A new plan to rescue struggling NHS emergency services, pledging 800 ambulances, 5000 more hospital beds and bolstering community care has been launched by Rishi Sunak. Although the plan is to be supported by a £1bn fund, it has since been confirmed that this is not new funding, which has led to renewed calls for wider action on the staffing crisis and long term investment.
Follow-up analysis of one of the key parts of the plan – to raise NHS hospital bed capacity from its current level of 102,000 has clarified that it will only introduce 1000 new beds as the remaining 4000 represent existing beds which will be moved from other areas, such as top-up bays and corridors.
In fact hospital bed numbers have been falling for a decade, down by 12% since 2011, contributing to the recurrent blockages and delays in accident and emergency. Even if the new plan were to open 5000 new beds it would still only return the NHS to the number of available beds in 2010/11 (107,448).
Any new ambition to raise capacity has to first deal with how services will be staffed. and as Patricia Marquis, the Royal College of Nursing’s director for England points out “extra beds are only safe when there are enough nurses for the patients in them. And because of the workforce crisis, existing services are unsafe.”
Without the workforce strategy – promised at least two Tory leaders ago, this plan lacks the power to raise capacity and make meaningful change. Professor Alison Leary, nurse and professor of healthcare and workforce modelling at London South Bank University told the Nursing Times ”It is hard to see how any meaningful recovery plan can be designed or implemented without the largest safety critical workforce in healthcare.”
Important promises to introduce new resources, like the fleet of 800 ambulances which “are expected to be available during 2023/24”, sound hollow without a convincing plan as to how they will be staffed within the time frame.
Sunak’s attempt at headline grabbing proposals only partially recognises how stresses are passed between sectors. Ambulance workers are amongst those calling for capacity planning across all areas of the NHS as much of their workload results from the excessive pressure on GPs, mental health services and in social care.
The emergency care plan does make a significant promise to expand intermediate care – a care stopover between hospital and home, but this would rely heavily on substantial investment and a strategy setting out who would build and run these new services. Would they be in residential care, private facilities or in new facilities run by the NHS? This is an important medium to long-term ambition but so far there is little detail behind it.
GPs only receive a cursory mention – with the plan promising alignment with a forthcoming GP access recovery plan, but social care features strongly with commitments to improve collaboration between agencies and discharge procedures. The report reminds us of the £7.5bn allocated to social care over the next two years, but the major supply side questions remain unanswered. How is the workforce crisis in social care being addressed? Where will much needed extra capacity come from? Age UK point to 2.6 million people aged 50+ who still aren’t receiving the care and support they need.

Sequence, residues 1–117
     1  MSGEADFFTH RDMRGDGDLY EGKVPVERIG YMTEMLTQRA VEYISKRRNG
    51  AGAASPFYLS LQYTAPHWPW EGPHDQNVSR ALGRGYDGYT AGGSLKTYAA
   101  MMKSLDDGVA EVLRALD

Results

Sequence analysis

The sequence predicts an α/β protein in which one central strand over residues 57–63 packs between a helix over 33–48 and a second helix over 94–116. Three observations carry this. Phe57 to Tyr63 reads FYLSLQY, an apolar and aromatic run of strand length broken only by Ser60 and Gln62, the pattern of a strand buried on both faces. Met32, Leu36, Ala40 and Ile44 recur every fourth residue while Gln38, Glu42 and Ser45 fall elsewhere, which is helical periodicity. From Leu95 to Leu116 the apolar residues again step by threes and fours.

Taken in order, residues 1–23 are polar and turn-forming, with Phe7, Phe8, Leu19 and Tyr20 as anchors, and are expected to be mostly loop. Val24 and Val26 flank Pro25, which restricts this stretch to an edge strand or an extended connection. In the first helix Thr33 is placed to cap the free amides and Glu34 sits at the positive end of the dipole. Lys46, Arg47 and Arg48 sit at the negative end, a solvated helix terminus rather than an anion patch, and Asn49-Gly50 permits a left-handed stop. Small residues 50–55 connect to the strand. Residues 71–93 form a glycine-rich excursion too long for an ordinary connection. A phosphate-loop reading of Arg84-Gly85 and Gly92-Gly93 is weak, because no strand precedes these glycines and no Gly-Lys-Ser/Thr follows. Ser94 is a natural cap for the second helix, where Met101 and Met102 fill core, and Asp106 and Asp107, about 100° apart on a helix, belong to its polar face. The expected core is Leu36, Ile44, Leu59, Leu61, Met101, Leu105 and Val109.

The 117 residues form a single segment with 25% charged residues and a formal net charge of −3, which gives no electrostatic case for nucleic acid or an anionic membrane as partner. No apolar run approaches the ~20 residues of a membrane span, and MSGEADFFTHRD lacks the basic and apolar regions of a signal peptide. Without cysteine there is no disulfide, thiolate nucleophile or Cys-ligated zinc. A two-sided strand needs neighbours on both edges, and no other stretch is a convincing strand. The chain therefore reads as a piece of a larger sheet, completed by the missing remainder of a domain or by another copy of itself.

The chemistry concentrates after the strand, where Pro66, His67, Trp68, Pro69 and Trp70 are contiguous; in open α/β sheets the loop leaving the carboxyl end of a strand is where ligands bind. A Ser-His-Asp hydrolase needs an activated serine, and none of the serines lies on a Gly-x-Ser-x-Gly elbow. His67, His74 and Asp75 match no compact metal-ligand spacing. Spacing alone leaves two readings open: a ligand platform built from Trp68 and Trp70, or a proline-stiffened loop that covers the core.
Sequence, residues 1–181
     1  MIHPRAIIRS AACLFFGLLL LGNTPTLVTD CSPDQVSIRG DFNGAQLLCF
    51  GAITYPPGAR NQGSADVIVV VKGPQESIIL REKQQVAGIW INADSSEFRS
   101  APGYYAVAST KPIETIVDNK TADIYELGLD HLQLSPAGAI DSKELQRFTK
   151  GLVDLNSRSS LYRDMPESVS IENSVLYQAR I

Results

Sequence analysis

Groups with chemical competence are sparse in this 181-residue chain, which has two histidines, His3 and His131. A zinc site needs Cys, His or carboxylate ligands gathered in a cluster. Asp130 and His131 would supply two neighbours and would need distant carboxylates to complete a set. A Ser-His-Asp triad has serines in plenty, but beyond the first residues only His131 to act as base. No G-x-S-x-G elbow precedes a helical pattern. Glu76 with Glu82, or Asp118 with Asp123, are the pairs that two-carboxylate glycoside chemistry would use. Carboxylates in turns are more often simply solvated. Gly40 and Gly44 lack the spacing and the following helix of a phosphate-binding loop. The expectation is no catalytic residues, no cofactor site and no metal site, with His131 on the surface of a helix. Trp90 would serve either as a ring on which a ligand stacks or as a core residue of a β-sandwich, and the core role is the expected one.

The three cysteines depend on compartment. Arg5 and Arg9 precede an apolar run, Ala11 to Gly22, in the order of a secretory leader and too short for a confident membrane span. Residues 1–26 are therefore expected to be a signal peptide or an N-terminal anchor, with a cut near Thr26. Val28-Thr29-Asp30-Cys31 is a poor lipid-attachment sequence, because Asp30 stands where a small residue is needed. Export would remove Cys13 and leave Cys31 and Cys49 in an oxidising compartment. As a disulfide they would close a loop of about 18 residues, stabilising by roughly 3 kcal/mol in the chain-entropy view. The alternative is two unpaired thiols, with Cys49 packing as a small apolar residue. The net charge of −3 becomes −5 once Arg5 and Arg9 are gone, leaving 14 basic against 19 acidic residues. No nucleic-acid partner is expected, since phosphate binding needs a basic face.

As an unresolved issue social care will be influential in the next election campaign. Labour have so far not given any further detail on their major policy idea of a national care service since Wes Streeting told the Guardian in the summer “I would love to see a national care service delivered exactly on the same terms as the NHS, publicly owned, publicly funded, free at the point of use, but we’ve got to be honest about the scale of the challenge. So our starting point is to make sure we deliver national standards for care users and better pay and conditions for staff who work in social care,”
Overall the Emergency Care Plan attempts short term responses but is cornered by the neglectful decisions of previous governments stretching back over a decade. Unsurprisingly there is no mention of the ongoing pay dispute, which is a short term lever the government can pull. Much of the plan focuses on the medium and long term, but too frequently without the detail and funding commitments to persuade NHS staff of a meaningful shift in policy towards building NHS capacity.
The plan unwittingly reminds us that raising capacity across the NHS has been ignored for too long. In the ambulance service the number of calls has increased by 77% between 2011 and 2021 whereas the number of ambulance workers has risen by just 7% – according to a GMB analysis. Ambulance services have “historically been under-funded, with financial settlements not keeping up with ever-increasing demand faced by the sector. This has an inevitable negative impact on patient experience and clinical outcomes, as well as the mental health and wellbeing of ambulance service staff.” according to NHS providers. Today 80% of ambulance staff say that there are enough staff in their organisation for them to do their job, and despite attempts to recruit and retrain staff many are now leaving the NHS.
Unison head of health Sara Gorton said: “The government has at last acknowledged that there are deep problems in emergency care. But if the prime minister wants to take credit for fixing emergency care next winter, he must first resolve the workforce crisis happening now.”
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